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American Youth Ditching Cigarettes for Hookahs

by Kathy Jones on  July 7, 2014 at 11:42 PM Lifestyle News   - G J E 4
Around 18 percent of high school seniors in the United States admit to have taken up smoking hookah even as figures show that the use of cigarette has declined sharply among the youth.
 American Youth Ditching Cigarettes for Hookahs
American Youth Ditching Cigarettes for Hookahs
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Researchers affiliated with New York University's Center for Drug Use and HIV Research (CDUHR) have identified how prevalent Hookah use is and which teens are most likely to be using it. The study used data from Monitoring the Future (MTF), a nation-wide ongoing annual study of the behaviors, attitudes, and values of American secondary school students.

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Hookah, an ancient form of smoking where charcoal-heated tobacco or non-tobacco based shisha smoke is passed through water before inhalation, is rapidly gaining popularity among adolescents in the US. The researchers found those students who smoked cigarettes, and those who had ever used alcohol, marijuana or other illicit substances were more likely to use hookah.

The MTF survey examined data from the 5,540 students (modal age = 18) who were asked about Hookah use from 2010-2012, and it was found that the annual prevalence of hookah was nearly 1 in 5 high school seniors.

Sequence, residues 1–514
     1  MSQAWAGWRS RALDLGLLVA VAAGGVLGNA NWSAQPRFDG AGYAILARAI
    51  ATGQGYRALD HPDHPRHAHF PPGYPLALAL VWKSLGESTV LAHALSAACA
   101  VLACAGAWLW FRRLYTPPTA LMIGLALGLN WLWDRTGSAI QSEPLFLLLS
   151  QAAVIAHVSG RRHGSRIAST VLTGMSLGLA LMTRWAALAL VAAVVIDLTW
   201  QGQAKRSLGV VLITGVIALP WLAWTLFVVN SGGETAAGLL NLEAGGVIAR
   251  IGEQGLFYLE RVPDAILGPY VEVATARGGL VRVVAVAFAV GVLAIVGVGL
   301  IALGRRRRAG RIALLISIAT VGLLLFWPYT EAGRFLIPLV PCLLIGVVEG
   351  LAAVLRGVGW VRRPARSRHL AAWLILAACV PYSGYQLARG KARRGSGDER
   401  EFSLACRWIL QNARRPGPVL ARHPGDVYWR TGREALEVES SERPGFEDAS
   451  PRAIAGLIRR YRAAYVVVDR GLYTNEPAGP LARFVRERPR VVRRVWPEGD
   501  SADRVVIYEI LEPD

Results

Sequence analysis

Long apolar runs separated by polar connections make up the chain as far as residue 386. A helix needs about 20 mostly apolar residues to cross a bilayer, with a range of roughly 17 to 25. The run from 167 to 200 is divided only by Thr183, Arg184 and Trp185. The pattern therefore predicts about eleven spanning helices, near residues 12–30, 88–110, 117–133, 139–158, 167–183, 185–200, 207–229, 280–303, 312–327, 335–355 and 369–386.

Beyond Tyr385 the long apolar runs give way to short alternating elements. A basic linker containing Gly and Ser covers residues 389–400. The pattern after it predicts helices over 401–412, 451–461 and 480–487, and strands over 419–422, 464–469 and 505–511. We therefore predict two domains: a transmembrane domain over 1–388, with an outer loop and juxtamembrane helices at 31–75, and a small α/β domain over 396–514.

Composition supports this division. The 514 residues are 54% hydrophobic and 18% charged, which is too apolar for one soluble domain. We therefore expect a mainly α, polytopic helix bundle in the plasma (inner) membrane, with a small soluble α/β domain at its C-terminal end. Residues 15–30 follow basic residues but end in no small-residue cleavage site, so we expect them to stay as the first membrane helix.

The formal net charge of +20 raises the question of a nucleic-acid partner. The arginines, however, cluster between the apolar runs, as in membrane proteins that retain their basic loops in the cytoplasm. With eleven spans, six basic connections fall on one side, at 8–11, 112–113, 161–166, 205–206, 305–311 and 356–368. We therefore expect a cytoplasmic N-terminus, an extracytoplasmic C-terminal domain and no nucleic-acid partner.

As per Dr. Joseph J. Palamar, the most interesting finding was that the students of higher socioeconomic status, more educated parents or higher personal income were more likely to use hookah.

Study co-author Michael Weitzman added that cigarette use had decreased by 33 percent in the past decade in the US, while the use of alternative tobacco products such as hookahs had increased an alarming 123 percent. This was especially worrisome given the public misperception that hookahs are a safe alternative to cigarettes whereas evidence suggests that they are even more damaging to health than are cigarettes.

Researchers conclude that the increased normalization might lead to increases in use, and possibly adverse consequences associated with repeated use, which portends a potential epidemic of a lethal habit growing among upper and middle class adolescents.

The study is due to be published in August 2014 edition of Pediatrics.

Source: ANI
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